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MASSIE: Speed-limit myths
In June, Sen. John Warner, Virginia Republican, pushed “cap-and-trade” legislation he claimed would reduce greenhouse gas emissions. Analyses found it would more likely drive up energy prices, drive down the gross domestic product and put untold numbers of people out of work for a dubiously small reduction in global temperature.
Mr. Warner's terribly unpopular bill failed to muster even enough support for a full Senate vote.
It seems Mr. Warner has yet to realize the folly of his regulatory ways. Now, he's interested in re-imposing a national maximum speed limit to conserve gasoline and reduce emissions. But slowing the speed of American progress on our roads is unlikely to save much gas or make highways safer. The real beneficiaries may actually only be local police and the insurance industry.
Mr. Warner launched a trial balloon to put the brakes on Americans in July when he sent a letter to Secretary of Energy Samuel Bodman asking for a study on the benefits and feasibility of mandating a lower limit.
During the 1973 oil crisis, Congress ordered the Transportation Department to withhold highway funds from states not adopting a 55 mph maximum speed limit. In 1987, Congress rethought its mandate and allowed rural highway speed limits to rise to 65 mph. The national maximum speed limit was repealed altogether in 1995.
Today, 32 states have speed limits of 70 mph or more.
Despite advocates' claims, there is no evidence that re-establishing a national maximum speed limit will noticeably lower emissions and save fuel. In fact, there is something to be said about maintaining the status quo.
In a 1999 CATO Institute study of the old 55-mph speed limit, then-senior economic fellow Stephen Moore noted that “as a fuel-saving measure, the 55-mph speed limit was unquestionably a bust ... reduc[ing] U.S. motor fuel consumption by no more than one percent.” Additionally, current Energy Department reports indicate vehicle fuel efficiency rates do not decrease until at least 60 mph.
While the conservation argument fails to justify slowing traffic, the tangential argument that it saves lives is equally thin. In 1997, two years after the repeal of the maximum speed limit, deaths per 100 million vehicle miles traveled actually fell. While the aggregate number of deaths increased by 150, it was far less than the 6,400 deaths projected by the Advocates for Highway and Auto Safety - a non-profit advocacy group with strong ties to the insurance industry.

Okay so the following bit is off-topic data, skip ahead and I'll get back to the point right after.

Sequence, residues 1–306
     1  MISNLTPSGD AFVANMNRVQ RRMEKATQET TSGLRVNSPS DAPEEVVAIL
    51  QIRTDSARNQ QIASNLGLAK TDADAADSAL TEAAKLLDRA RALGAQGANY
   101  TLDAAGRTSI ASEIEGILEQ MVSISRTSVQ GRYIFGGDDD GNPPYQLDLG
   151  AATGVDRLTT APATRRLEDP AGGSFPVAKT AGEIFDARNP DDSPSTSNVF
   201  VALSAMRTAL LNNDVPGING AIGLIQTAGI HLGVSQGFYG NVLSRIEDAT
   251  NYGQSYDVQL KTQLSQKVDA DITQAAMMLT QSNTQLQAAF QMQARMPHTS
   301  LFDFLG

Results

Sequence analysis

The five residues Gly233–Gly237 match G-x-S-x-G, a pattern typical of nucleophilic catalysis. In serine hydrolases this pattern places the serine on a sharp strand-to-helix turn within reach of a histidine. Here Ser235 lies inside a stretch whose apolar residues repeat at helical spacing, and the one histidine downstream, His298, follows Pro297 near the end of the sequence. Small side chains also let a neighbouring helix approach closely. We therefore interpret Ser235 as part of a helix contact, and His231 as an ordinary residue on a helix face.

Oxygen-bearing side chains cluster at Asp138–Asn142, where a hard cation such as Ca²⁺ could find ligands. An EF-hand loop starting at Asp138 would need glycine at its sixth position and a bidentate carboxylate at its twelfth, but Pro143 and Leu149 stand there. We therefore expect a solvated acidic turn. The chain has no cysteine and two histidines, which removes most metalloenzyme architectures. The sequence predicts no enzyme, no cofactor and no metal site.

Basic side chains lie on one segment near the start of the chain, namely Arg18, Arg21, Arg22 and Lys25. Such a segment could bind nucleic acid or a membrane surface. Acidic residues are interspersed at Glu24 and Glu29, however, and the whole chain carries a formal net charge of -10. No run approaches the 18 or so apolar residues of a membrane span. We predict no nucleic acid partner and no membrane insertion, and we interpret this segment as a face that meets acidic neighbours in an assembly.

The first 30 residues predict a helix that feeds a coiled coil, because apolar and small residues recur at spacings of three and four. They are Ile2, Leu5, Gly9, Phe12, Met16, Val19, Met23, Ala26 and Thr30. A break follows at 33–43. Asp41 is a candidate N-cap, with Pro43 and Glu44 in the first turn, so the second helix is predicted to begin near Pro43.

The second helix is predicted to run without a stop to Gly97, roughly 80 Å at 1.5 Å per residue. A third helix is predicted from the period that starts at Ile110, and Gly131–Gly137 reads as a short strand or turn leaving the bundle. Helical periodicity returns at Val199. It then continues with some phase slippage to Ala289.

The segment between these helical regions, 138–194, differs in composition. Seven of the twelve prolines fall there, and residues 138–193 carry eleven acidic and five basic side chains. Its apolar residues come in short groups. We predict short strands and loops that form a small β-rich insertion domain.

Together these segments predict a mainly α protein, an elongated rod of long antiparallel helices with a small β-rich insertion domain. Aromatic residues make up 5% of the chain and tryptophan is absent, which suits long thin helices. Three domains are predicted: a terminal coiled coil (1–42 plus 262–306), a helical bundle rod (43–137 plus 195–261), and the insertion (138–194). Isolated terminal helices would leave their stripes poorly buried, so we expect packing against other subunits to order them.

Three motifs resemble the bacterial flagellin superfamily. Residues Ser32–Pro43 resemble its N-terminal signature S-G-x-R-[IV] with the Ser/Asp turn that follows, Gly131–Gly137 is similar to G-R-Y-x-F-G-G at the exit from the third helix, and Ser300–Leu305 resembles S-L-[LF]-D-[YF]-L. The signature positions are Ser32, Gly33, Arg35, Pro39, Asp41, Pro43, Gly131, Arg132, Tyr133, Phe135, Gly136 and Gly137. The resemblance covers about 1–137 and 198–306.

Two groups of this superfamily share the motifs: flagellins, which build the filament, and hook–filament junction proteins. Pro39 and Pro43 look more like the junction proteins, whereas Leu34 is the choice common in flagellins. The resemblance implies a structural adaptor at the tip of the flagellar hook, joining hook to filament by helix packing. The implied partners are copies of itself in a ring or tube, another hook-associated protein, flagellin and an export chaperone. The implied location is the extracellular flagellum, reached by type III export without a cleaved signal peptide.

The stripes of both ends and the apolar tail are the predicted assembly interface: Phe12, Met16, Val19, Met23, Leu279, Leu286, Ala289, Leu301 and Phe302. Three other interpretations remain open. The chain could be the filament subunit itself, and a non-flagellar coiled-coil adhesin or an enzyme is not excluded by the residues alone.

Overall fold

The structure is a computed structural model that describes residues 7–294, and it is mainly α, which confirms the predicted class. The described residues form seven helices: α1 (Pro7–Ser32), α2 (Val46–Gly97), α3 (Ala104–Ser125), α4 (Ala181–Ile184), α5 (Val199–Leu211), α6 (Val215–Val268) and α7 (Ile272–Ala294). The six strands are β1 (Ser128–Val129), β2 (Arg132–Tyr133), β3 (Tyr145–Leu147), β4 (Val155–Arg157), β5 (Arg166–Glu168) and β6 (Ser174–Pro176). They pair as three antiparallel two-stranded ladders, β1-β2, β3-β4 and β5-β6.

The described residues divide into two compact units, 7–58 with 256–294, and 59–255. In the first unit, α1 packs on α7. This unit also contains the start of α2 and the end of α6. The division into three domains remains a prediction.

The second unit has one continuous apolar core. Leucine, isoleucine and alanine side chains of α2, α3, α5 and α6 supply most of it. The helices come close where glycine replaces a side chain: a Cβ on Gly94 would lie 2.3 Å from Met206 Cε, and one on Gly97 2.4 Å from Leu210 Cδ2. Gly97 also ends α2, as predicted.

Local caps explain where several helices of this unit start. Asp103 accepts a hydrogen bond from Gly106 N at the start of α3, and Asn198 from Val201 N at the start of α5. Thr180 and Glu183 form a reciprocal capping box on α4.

Since a new national mandate to drive slower will provide negligible - if any - conservation, environmental or safety benefits, just where is the benefit? The first beneficiary would be local law enforcement. Evidence suggests that drivers will continue to drive at comfortable speeds regardless of posted limits. Discussing the previous national speed limit, Mr. Moore notes, “[t]he 55-mph speed limit was arguably the most disobeyed federal law in American history - or at least since prohibition.”
Just as drivers continue to travel at speeds they consider safe and comfortable speeds, police officers will be comfortable increasing the number of tickets they write, and municipalities will be comfortable absorbing the extra ticket revenues. This would be very lucrative for the insurance industry. A moving violation on a person's record gives insurers almost free reign to raise rates. From my more than 13 years in the insurance industry as an agency owner, and with continued close relationships in said industry, let me assure you that the industry is fully aware of the virtually limitless dollars a national speed limit will bring them.
It is the unsuspecting public that will be caught between municipalities that will cash in on more tickets and insurance companies raising rates and setting restrictive rate classes designed to swell their profits under the guise of traffic safety.
If Mr. Warner is looking for a legacy bill, perhaps he should consider looking elsewhere for something more in line with the American public. A recent Rasmussen poll found that 59 percent of voters oppose a lower nationwide speed limit. Then again, considering his record, it might be better if Mr. Warner just drove off into the sunset. If only he could go a little faster.
Mychal Massie is chairman of the Project 21 black leadership network and a former owner of an insurance agency.
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